I like how my lineup turned out, though I’ll say, don’t sleep on Poor Things for a possible nod either…

Bits and Bobs (A Daily News Roundup)

It sounds like Cecily stayed “strong” to her beliefs…

  • Not a Strong Sketch - SNL alum Cecily Strong was all set to appear on last week’s episode, playing Rep. Elise Stefanik in the show’s cold opening, but she backed out at the last minute because she was “uncomfortable” with the sketch, which has since been heavily criticized for being antisemitic. The New York Post broke the story, reporting that Strong appeared as a guest in the dress rehearsal ahead of the live show before changing her mind shortly before the broadcast, prompting newcomer Chloe Troast to step in on short notice. I saw the sketch and while I wasn’t necessarily offended, I didn’t think it was very funny, which is more important anyway. I’ve also been saying for years that SNL needs to move away from political sketches to open the show. But what do I know? The show is chomping at the bit for the upcoming election year, so let’s see how Lorne Michael — and Colin Jost — decide to play this one.

  • The next King Richard? - Mathew Knowles, the prolific music manager and father to artists Beyoncé’s father, Matthew Knowles, has partnered with production company Say Unkel Entertainment to adapt his 2017 memoir Racism From the Eyes of a Child into both a feature film and a limited series, according to Variety. Is this the next King Richard? Or a vanity project from the relative of a real celebrity? And will any major buyers fall for it? Stay tuned…

  • Eyes of Wakanda - Marvel announced that it’s developing an animated Black Panther series titled Eyes of Wakanda, which will follow the brave warriors tasked with retrieving vibranium artifacts from around the world. Black Panther director Ryan Coogler will be involved in the series, given that he’s under an overall TV deal with Disney. Marvel also announced that the animated series X-Men ‘97 will debut in 2024. Meanwhile, Spider-Man: Freshman Year is now titled Your Friendly Neighborhood Spider-Man, and there was no mention of Marvel Zombies.

  • Sam Raimi Is a Fan of Terrifier - Terrifier 2 director Damien Leone let it slip that he’s developing a project with Sam Raimi’s company Ghost House. I’m curious what a more “mainstream” Leone movie looks like, but for now, I’m glad he’s going all-out for Terrifier 3.

  • Streaming Deals Galore! - Reacher star Alan Ritchson and his AllyCat Entertainment banner signed a first-look film deal with Amazon MGM Studios. Season 2 of Reacher will debut soon on Prime Video and I can’t wait to tell you about it. Needless to say, I like this deal for the streamer, as Ritchson is a rising star. Meanwhile, Silo star David Oyelowo has signed a first-look deal with Apple TV+ along with his wife and producing partner, Jessica Oyelowo. The two of them will produce movies and TV shows for the streamer under their Yoruba Saxon banner, which also produces Lawmen: Bass Reeves for Paramount+. Silo has been renewed for Season 2, and Oyelowo is already set to star in another Apple TV+ series, Government Cheese.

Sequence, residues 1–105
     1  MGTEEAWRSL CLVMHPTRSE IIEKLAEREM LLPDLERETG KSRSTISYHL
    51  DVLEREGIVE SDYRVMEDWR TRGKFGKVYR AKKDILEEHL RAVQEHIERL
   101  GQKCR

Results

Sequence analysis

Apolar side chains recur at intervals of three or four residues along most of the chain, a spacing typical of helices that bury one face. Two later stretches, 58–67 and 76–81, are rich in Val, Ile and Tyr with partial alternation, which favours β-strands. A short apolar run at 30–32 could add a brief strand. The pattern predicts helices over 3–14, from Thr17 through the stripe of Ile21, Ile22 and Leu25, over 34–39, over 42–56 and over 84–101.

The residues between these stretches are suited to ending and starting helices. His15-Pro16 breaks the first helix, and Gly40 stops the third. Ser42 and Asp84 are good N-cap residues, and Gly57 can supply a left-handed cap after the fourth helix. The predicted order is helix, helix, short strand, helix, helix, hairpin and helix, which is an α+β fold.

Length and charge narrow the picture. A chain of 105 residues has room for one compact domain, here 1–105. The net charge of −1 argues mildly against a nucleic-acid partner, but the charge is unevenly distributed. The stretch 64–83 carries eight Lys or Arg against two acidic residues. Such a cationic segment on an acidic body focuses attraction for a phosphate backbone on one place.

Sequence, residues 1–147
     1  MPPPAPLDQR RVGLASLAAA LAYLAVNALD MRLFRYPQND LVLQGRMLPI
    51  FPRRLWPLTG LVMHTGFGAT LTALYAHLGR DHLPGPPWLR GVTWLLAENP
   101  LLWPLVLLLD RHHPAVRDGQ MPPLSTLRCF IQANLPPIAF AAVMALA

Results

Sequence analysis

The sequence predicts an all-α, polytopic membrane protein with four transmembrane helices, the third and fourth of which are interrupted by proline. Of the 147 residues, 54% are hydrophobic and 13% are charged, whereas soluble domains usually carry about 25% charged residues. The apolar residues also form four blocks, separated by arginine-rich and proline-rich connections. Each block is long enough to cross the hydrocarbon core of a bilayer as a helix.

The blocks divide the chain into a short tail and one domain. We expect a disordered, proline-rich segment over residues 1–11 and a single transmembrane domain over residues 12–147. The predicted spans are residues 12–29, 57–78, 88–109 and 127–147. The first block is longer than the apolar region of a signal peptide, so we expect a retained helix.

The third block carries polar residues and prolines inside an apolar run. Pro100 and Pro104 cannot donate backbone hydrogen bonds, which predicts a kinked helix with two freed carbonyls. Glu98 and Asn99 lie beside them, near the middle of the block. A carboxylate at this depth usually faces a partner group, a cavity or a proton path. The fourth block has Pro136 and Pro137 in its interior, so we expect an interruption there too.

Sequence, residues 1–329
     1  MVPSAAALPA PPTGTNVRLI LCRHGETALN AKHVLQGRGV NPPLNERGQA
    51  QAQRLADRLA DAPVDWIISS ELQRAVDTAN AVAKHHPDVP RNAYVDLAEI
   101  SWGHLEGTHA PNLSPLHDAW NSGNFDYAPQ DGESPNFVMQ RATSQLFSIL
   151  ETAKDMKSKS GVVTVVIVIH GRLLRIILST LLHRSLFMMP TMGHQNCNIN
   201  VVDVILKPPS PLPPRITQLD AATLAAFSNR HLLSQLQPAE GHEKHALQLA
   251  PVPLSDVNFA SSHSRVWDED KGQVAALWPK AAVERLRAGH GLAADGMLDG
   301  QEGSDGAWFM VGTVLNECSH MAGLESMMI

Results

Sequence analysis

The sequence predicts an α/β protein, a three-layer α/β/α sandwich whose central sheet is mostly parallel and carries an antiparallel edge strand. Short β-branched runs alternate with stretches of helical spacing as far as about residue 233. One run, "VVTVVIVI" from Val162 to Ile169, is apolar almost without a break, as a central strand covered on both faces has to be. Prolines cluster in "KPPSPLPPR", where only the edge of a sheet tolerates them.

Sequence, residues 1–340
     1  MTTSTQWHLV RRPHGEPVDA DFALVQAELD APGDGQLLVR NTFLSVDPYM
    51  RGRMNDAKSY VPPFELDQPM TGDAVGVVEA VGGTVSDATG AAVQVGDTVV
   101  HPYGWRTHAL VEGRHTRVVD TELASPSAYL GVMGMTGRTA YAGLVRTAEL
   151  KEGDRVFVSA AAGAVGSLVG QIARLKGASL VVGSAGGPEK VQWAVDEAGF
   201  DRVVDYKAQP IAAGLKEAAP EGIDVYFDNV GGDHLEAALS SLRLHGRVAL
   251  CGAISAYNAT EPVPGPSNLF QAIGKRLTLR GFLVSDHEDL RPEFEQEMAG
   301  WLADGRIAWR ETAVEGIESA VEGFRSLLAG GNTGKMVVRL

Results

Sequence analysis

• Good Luck - To Kate Micucci, who recently had surgery to treat lung cancer, which is what killed my mother. I wish the Big Bang Theory actress a speedy recovery.

We’ll get into some Netflix viewership data info tomorrow. For now, feast your eyes on the new Dune trailer…

Trailer Time: I’m Starting to Believe the Dune: Part Two Hype… and That Part Three Is In the Works

Let’s get this out of the way right now. I was not a big fan of Dune: Part One. It was long and it was kind of boring, and even though it looked — and sounded — absolutely incredible, it didn’t fill me with wonder the way a sci-fi movie should, whether it’s big like The Matrix or small like Primer.

It just felt like half a movie.

Having said that, Dune: Part Two looks like a different beast. Director Denis Villeneuve doesn’t have to spend a bunch of time establishing the world and the characters, he can just drop us right back into it and get going. There will be more romance this time around thanks to the increased presence of Zendaya, and Austin Butler’s chrome-domed Feyd-Rautha looks like a worthy opponent for Timothée Chalamet’s Paul Atreides — a role that the Wonka star seems to have grown into over the past few years.

Villeneuve himself has said that he thinks this sequel is much better than the first film, and I believe him — because the first film wasn’t very good, and this one looks like it’s going to actually pay off all that grunt work. If nothing else, it’ll be nice to see Christopher Walken in a big, A-list movie again.

And before I let you go, I’m already hearing rumblings that WB is so bullish on Villeneuve’s vision for Dune that Part Three has been already been greenlit with a 2027 release date in mind. WB sees Part Two as a home run, and internally, I’m hearing the studio is already projecting an opening north of $100 million. That may be optimistic, but given the trailer above, hardly out of the question.

That’ll do it for me, folks!